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Poll: OBA would cling to power in snap general election

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The One Bermuda Alliance would win a snap general election but only just, according to the results of a new survey commissioned by The Royal Gazette.

Forty per cent of people polled by Global Research last month said they would vote for the ruling party if an election was called tomorrow, with 33 per cent plumping for the Progressive Labour Party and 23 per cent undecided. The survey has a margin of error of five per cent, meaning the two political parties are not far apart in popularity, two years into the OBA's time in power.

In July, when the same question was put by pollsters, 36 per cent backed the OBA and 35 per cent the Opposition. A year ago, the results were 36 per cent for the PLP and 35 per cent for the OBA.

Twenty eight per cent of those who took part in our latest poll approved of the OBA's performance in Government, while 22 per cent approved of the PLP's performance in Opposition.

The biggest issue facing Bermuda, according to voters, remained the economy and unemployment. It was the main concern for 57 per cent of respondents, while 15 per cent cited crime and seven per cent said education.

Responding to the poll Premier Michael Dunkley told The Royal Gazette: “The Bermudian people and the Government share the view that the economy remains Bermuda's biggest challenge — getting people back to work and helping families.

“The groundwork that's been laid down by the Government over the past two years is starting to bear fruit.

“We see that in hotel developments taking shape, the America's Cup, airport plans, upswings in retail, real estate and international business.

“All of these developments bode well for the job creation, new business and career opportunities that Bermudians want.

“Much work remains to be done to complete the turnaround, but Bermuda is clearly moving in the right direction, and today's poll indicates cautious public optimism on that central point.”

Mr Dunkley's favourability rating appears to have dropped since the summer. Back then, just two months into the job, his personal performance as leader of the country was viewed favourably by 56 per cent of participants.

That figure was down to 48 per cent in the latest telephone survey, which was carried out between November 23 and 30, before it was announced that Bermuda had won its bid to host the next America's Cup.

However, the survey conducted in July asked participants only if they had a favourable or unfavourable impression of the Premier, whereas last month's poll allowed them to rate their impression on a scale of one to five, where five is very favourable.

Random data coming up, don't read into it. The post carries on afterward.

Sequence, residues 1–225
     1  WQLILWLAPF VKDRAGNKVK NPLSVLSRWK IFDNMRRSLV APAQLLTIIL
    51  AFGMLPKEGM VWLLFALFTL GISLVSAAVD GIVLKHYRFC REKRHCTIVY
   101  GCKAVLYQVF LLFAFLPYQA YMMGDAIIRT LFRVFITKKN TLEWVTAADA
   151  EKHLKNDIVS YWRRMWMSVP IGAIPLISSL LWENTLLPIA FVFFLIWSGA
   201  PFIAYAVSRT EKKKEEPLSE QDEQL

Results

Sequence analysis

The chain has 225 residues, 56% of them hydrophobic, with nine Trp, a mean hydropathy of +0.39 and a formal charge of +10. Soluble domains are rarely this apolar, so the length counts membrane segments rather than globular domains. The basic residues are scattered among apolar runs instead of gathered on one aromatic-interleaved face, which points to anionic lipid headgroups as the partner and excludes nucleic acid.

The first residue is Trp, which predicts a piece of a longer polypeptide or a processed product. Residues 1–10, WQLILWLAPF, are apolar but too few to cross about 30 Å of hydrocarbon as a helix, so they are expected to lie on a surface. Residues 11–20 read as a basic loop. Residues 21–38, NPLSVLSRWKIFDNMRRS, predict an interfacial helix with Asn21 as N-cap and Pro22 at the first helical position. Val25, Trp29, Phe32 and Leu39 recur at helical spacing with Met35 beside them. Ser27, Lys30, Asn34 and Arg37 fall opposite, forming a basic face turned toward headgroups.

The most recent poll found that 40 per cent of participants approved of the Premier's performance. Whites were more likely to approve (64 per cent of those polled) than blacks (28 per cent).

Opposition leader Marc Bean's favourability rating also appears to have fallen. In July, asked if they had a favourable or unfavourable impression of him, 51 per cent of participants responded favourably.

In November, 30 per cent of those polled gave him a favourable rating of four or five and 28 per cent approved of his performance. The survey was conducted just a few weeks after the PLP leader was accused of verbally attacking a female OBA member, prompting a police complaint.

Thirty eight per cent of blacks who were polled approved of Mr Bean's performance, compared to nine per cent of whites.

Deputy Premier Bob Richards got a favourable rating from 40 per cent of those polled last month and 34 per cent approved of his performance.

PLP Deputy David Burt got a favourable rating from 33 per cent, while 30 per cent approved of his performance.

In the latest poll of 400 registered voters, 80 per cent said they would be absolutely certain or very likely to vote in a parliamentary election, with 20 per cent saying they possibly would.

Thirty nine per cent said they voted OBA in the last general election in December 2012, compared to 34 per cent who said they voted PLP.

In real terms, the OBA won 51.7 per cent of the total votes in the last election, compared to the PLP's 46.1 per cent.

Global Research says its poll was weighted to be representative of the Island's population in terms of age, race and gender.

The margin of error was +/- five per cent at the 95 per cent confidence level, meaning if the poll was run 100 times — asking a different sample of people each time — the overall percentage of people who responded the same way would remain within five per cent of the original result in at least 95 of those 100 polls.

Responding to the survey, an Opposition spokesman said: “The PLP recognises that any poll represents only a moment in time. Therefore, we will continue our job of advocating for the people of Bermuda and holding the Government accountable to the people of Bermuda.”

Michael Dunkley
Marc Bean

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Published December 18, 2014 at 8:00 am (Updated December 18, 2014 at 9:47 am)

Poll: OBA would cling to power in snap general election

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